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Originally published June 30, 2009 at 12:00 AM | Page modified June 30, 2009 at 11:46 AM

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Summer looks like a washout for some retailers

As consumers get ready to celebrate July Fourth, many merchants already have dismissed summer as a washout and have been slashing prices. Deep discounting so early in the season is great news for bargain hunters, but it's a worrisome sign that shows a further weakening in retail sales since the end of May.

The Associated Press

NEW YORK — As consumers get ready to celebrate July Fourth, many merchants already have dismissed summer as a washout.

Macy's flagship store has racks of summer tops, swimwear and dresses marked down as much as 50 percent, while luxury retailer Bergdorf Goodman is slashing prices on designer goods by as much as 70 percent.

Meanwhile, piles of clothing as well as barbecue grills, tents and gardening tools are bypassing stores and heading straight to liquidators as merchants try to conserve their cash. Such deep discounting so early in the season is great news for bargain hunters, but it's a worrisome sign that shows a further weakening in retail sales since the end of May.

Consumers' confidence in the economy, which had surged in April and May, is projected to be virtually unchanged for June when the Conference Board releases figures today. And major retailers will release June sales results next week.

While unusually rainy weather across much of the country has dampened business, some analysts wonder whether shoppers are waking up to the harsh reality that the economy won't be getting any better soon — and consumer spending makes up 70 percent of economic activity.

That doesn't bode well for merchants, which need to get rid of summer inventory quickly to make room for fall goods that start to arrive next month.

Pam MacWilliams, a tourist in New York City from Oshkosh, Wis., who recently was planning to scour for bargains at H&M's midtown Manhattan location with her two girls, said she's becoming less optimistic about a quick economic recovery.

"I thought that the economy would turn faster," said MacWilliams. "I had high expectations. Now, I want to save more."

MacWilliams said she's spent only $200 this month on clothes for her family, compared with about $600 a year ago.

Employers are still cutting jobs — although at a slower rate — and home prices are still falling, and Americans have seen a three-month stock-market rally stall.

Consumers' confidence in the economy has been rebounding since February, fueled in part by the rise in the stock market. But that improved mood hadn't translated into much relief for merchants because confidence levels are still well below the 100 reading that's considered healthy.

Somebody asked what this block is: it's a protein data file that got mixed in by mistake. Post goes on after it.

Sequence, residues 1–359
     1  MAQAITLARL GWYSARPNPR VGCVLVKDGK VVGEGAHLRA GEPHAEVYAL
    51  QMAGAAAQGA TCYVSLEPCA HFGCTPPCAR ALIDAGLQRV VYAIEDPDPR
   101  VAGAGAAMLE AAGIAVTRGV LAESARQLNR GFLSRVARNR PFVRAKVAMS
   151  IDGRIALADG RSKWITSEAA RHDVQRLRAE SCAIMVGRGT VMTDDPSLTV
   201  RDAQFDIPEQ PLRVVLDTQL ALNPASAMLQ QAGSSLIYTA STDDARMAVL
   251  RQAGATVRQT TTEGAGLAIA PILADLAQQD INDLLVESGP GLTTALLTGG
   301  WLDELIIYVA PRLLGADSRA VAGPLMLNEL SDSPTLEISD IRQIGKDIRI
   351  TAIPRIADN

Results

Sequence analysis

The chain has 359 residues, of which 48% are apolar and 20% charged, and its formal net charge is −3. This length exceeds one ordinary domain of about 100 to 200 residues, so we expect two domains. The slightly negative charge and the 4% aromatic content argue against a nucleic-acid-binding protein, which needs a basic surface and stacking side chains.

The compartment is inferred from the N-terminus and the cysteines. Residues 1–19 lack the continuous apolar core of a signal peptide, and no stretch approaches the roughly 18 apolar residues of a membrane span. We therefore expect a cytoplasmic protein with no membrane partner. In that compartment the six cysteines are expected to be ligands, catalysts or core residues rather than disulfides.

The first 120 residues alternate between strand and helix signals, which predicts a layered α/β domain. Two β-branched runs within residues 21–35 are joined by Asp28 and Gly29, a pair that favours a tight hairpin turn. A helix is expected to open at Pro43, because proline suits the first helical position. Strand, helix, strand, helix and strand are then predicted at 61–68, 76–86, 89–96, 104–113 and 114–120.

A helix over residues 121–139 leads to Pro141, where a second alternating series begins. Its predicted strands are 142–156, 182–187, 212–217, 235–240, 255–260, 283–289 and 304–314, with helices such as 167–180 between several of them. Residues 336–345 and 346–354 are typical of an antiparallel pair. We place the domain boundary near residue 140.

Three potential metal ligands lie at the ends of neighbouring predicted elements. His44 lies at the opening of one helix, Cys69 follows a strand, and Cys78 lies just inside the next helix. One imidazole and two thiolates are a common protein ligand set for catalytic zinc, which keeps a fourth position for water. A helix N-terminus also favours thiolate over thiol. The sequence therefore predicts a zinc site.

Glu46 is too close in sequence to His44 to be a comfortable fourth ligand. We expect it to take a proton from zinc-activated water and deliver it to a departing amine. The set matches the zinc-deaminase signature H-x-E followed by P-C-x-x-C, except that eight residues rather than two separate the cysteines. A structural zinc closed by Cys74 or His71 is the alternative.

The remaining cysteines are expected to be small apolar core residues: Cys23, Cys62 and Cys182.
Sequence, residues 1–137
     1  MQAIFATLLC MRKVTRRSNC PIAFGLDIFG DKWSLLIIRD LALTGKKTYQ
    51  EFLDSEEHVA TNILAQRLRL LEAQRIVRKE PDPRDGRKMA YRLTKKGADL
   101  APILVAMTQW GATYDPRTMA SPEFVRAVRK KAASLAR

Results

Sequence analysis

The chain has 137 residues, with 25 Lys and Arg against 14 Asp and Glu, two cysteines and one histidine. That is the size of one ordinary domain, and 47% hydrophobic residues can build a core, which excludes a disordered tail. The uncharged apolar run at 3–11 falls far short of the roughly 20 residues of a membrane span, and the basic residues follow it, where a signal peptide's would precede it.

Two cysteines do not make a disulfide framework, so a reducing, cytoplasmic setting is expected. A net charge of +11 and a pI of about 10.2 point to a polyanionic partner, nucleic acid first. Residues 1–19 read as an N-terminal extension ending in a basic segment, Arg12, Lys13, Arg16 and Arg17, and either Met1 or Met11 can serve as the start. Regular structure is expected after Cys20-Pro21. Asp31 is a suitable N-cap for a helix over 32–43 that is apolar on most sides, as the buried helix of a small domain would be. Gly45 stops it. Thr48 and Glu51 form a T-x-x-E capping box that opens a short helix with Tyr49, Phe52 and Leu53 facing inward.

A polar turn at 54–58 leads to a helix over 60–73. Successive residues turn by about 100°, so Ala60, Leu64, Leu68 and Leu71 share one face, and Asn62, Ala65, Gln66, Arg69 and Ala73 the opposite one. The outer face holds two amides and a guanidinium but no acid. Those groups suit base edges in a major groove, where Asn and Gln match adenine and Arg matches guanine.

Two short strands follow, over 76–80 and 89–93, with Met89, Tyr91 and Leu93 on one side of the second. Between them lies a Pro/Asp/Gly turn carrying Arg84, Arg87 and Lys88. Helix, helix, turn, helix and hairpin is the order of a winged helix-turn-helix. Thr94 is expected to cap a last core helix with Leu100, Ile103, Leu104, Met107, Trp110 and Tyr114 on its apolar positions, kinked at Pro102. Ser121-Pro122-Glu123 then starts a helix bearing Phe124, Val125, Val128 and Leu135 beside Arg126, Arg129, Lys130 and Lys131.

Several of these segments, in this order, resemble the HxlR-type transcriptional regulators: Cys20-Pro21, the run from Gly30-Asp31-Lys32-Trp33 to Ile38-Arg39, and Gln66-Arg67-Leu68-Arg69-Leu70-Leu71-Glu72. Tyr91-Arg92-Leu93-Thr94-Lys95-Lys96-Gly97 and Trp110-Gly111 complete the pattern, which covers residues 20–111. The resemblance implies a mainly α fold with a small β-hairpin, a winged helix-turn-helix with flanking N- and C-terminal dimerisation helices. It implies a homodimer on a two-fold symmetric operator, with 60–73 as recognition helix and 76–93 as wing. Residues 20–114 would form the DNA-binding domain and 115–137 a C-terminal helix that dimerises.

The concern is that shoppers' mood could actually level off in coming months. The Conference Board today is slated to release confidence figures for June that economists estimate at 55, which would be essentially even with May's 54.9.


Last Friday's government economic reports weren't comforting to merchants, showing that households used most of their government stimulus payments to boost savings to the highest level in more than 15 years in May, instead of splurging at the mall.

"There was a lot of hope with the surge in confidence," said Dennis Jacobe, Gallup's chief economist.

He added that consumers were convinced that the second half would be better but he noted, "you can live on that hope for only so long."

According to a Gallup Poll survey of 1,000 consumers taken June 15-21, confidence has faltered as stocks have stumbled and gas prices have risen. He added that he's seen a deterioration in June sales from May.

Michael Niemira, chief economist at the International Council of Shopping Centers, estimated that June's same-stores sales have so far registered a 6 percent drop, worse than the projected 5 percent decline and May's 4.6 percent decrease. The figures exclude results from Wal-Mart, which no longer releases monthly numbers. Same-store sales, or sales at stores open at least a year, are considered a key measure of retailers' health.

Niemira says he isn't reducing his forecast yet because he believes the true test will come when the weather warms up. That finally started to happen this past weekend.

Stifel Nicolaus analyst Richard Jaffe predicts even deeper discounting. He estimated that 30 percent of the nation's apparel sales come from the Northeast, hit hard by persistent rain. New York City had 21 days of rain in the first 28 days of June, the highest number in at least 50 years.

Bill Angrick, CEO of Liquidity Services, which auctions surplus goods to dollar stores and small resellers, said that in the past stores had usually held out hope for procrastinators and didn't unload summer items until early August. But "there is no normal in this economic cycle," so merchants are cutting their losses.

Patrick Byrne, CEO of online merchant, reports up to a 70 percent increase in goods it's received from retailers and suppliers compared with a year ago, particularly in apparel and accessories.

"We're getting a lot of calls over the last two weeks" from stores wanting to dump inventory, Byrne said.

Copyright © 2009 The Seattle Times Company

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